I may have missed the point when I jotted in my notes during “Callas Forever” that the film, a “what if?” scenario concerning the last days of legendary opera singer Maria Callas, had more opera scenes than it needed. “Callas Forever” is, I now realize, made expressly FOR opera fans, people who know and care who Maria Callas was. As such, it would be impossible for it to have “too many” opera scenes.
For people like me, who have casual, mildly suspicious feelings toward opera, and who are only dimly aware that a legend such as Callas existed — well, for us the film was not intended. It is Franco Zeffirelli’s tribute to one of his idols, written (with Martin Sherman) and directed by the Italian filmmaker as an enthusiastic, heartfelt eulogy for her. And if you didn’t know the deceased, don’t go to the funeral, you dig?
It is set in Paris in 1977, months before Callas’ death at 53. Maria (played with considerable passion by Fanny Ardant) is in decline. Her voice is way past its prime, her fans have mostly forsaken her, and she is still reeling from a concert in Japan that she considers to have been a disaster. For that matter, she is still reeling from the loss of Aristotle Onassis, who dumped her for Jackie Kennedy a decade earlier and who passed away in 1975. Maria rarely leaves her apartment now, spending most nights singing along to her old records, sobbing as she mourns the loss of her career, her voice and her lover.
Her former manager, Larry Kelly (Jeremy Irons), a gay, pony-tailed cad who now handles publicity for a punk rock group, finds Maria in this condition when he stops in Paris while on tour with the band. Seeking to reinvigorate her (or at least get her out of the house), he conceives a glorious idea that he calls “Callas Forever.” He wants to produce a film version of Bizet’s “Carmen” and have Maria play the title role, lip-synching to her old recording of the opera, from back when her voice was at its peak. She only recorded the role, never actually performed it onstage. Now’s her chance to fulfill a dream.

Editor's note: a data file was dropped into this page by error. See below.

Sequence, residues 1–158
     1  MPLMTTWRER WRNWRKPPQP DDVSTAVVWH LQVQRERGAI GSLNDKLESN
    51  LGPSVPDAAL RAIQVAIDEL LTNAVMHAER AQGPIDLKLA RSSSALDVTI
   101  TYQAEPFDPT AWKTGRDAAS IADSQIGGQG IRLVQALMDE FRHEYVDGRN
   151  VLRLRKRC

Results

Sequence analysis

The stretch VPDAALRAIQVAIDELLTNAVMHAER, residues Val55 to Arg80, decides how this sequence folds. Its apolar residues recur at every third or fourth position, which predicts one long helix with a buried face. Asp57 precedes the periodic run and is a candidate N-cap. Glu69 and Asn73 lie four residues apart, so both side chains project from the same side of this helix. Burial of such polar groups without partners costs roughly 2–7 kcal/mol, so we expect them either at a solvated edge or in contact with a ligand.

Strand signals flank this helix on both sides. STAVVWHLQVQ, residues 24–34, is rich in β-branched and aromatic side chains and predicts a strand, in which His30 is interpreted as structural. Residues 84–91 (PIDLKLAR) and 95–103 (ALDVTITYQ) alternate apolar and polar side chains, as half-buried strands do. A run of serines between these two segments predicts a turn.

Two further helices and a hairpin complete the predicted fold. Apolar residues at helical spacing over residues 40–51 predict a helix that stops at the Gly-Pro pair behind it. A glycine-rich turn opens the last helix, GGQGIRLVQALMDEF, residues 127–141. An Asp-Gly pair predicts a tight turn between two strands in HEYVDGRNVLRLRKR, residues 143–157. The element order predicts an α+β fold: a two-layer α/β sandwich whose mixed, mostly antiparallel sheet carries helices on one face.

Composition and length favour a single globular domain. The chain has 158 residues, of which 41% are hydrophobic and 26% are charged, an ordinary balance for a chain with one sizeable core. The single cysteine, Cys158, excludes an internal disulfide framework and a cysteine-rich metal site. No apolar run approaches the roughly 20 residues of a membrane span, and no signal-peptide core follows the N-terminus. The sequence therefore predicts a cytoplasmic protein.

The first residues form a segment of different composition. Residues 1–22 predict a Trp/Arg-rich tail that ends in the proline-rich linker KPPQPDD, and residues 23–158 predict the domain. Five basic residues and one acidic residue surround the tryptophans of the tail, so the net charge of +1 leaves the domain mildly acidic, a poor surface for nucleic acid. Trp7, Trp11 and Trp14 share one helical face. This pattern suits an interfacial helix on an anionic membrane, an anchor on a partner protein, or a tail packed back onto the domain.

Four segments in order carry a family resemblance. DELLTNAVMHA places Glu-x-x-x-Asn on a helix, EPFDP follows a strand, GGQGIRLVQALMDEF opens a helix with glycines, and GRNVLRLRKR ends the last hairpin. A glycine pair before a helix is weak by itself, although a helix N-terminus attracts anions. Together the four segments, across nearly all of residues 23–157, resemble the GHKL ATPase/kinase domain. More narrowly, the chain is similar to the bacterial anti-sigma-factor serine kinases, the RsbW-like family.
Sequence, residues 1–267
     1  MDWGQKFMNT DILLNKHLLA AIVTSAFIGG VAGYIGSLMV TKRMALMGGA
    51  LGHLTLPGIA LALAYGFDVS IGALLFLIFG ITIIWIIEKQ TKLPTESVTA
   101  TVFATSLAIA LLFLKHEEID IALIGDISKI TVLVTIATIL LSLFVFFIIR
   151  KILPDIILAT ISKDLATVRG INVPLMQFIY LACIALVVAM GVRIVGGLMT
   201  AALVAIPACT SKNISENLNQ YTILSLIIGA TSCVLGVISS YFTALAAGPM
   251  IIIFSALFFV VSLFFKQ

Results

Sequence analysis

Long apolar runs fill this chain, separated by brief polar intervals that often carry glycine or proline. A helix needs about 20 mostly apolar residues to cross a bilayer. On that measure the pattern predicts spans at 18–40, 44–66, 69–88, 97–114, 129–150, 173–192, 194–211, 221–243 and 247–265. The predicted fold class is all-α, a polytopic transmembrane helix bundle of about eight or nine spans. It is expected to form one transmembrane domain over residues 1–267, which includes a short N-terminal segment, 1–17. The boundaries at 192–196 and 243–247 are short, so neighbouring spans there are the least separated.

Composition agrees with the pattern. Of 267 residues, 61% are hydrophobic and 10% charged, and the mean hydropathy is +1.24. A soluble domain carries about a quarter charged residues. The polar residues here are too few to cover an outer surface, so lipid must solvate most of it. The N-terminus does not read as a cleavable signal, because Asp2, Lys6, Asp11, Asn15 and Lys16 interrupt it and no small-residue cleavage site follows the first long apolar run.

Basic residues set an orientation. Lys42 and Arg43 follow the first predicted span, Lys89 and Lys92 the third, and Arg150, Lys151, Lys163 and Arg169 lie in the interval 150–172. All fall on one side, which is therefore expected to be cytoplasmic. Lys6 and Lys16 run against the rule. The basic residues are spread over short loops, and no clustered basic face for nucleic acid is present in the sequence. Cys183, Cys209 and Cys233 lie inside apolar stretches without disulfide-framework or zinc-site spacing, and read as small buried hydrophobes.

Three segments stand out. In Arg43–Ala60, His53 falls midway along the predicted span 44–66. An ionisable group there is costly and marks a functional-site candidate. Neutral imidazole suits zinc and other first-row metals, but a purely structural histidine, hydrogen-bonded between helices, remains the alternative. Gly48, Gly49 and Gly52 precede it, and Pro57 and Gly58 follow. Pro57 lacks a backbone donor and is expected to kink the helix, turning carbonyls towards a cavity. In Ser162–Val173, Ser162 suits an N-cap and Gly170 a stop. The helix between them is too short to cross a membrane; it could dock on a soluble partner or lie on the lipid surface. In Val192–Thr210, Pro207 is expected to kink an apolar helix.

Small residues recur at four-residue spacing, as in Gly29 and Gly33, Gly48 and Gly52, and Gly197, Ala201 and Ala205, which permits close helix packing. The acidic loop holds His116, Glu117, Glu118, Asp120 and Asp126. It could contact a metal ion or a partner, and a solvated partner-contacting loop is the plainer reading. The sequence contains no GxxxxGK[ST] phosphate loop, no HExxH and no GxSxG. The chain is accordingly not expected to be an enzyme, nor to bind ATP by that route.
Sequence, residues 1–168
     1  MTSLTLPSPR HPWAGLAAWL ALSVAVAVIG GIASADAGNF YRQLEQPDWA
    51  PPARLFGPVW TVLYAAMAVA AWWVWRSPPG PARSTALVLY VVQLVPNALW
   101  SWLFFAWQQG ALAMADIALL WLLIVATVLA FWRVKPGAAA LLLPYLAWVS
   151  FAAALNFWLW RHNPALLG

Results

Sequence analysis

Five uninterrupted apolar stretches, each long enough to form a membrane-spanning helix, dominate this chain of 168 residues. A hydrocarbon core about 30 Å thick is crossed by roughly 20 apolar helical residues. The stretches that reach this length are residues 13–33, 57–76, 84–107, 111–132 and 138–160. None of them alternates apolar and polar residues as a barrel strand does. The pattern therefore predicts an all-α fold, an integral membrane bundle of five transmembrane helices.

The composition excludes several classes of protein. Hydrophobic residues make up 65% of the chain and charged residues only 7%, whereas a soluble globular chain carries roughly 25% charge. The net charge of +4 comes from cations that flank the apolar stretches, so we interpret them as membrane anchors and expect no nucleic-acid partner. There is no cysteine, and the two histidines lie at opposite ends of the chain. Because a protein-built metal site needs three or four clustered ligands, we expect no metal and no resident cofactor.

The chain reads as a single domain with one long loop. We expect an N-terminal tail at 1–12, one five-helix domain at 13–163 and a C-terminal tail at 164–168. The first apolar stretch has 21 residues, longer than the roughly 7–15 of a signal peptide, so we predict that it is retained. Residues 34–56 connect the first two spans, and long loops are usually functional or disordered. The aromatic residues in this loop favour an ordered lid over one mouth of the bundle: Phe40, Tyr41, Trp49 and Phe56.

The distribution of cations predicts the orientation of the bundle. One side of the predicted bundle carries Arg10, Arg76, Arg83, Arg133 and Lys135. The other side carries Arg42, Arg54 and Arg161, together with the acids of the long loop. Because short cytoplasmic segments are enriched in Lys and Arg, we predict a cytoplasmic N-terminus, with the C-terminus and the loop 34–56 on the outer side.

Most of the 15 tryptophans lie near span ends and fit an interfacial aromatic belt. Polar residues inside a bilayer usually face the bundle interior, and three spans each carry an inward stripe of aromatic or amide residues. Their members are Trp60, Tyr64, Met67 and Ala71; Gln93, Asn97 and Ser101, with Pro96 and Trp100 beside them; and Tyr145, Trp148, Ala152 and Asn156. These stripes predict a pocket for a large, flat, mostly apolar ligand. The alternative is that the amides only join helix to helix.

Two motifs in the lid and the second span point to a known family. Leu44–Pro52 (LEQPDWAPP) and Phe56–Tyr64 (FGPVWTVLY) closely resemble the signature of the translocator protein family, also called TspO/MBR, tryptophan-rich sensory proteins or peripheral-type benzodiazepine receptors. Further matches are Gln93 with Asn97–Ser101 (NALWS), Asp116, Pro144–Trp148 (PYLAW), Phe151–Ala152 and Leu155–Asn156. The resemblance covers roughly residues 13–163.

It takes some persuasion, but Maria eventually agrees to the project, though she has nagging doubts about such a project’s artistic integrity. Isn’t lip-synching to an old recording somehow deceptive, even if it’s still her singing?
The film splits its time between focusing on Maria’s last burst of energy at the end of her career, and Larry’s adoration of her, which takes priority over most other aspects of his life. Larry is probably a stand-in for Zeffirelli himself, who has directed stage productions of several operas (including “Carmen,” which he gets to re-stage quite a bit of here), and who was a devoted admirer of Maria Callas.
For Callas fans, the film offers a treat: Rather than have an actress or singer attempt to impersonate Callas’ voice, Zeffirelli uses her actual recordings on the soundtrack, and he uses them abundantly. That, coupled with the many scenes of Fanny Ardant as Maria Callas as Carmen, lip-synching to Callas’ “Carmen” recordings, make the film a tantalizing offer for devotees of the diva.
As a film, however, it’s a bit skimpy. Ardant and Irons are very good, as is the wonderful Joan Plowright as a reporter whom Maria confides in, and Zeffirelli ably captures the look and feel of Europe in the 1970s. But the film seldom dips below the surface. For all the time spent on Larry’s story, we hardly get to know him, and Maria ultimately comes off as just another Norma Desmond type, a huge star who has outgrown herself. I suspect “Callas Forever” is nothing more than Zeffirelli’s own wish-fulfillment, pretending to stage a production of “Carmen” with Fanny Ardant acting as proxy for his late, great star. If you want to peer in at his fantasy, go right ahead.
C (1 hr., 51 min.; )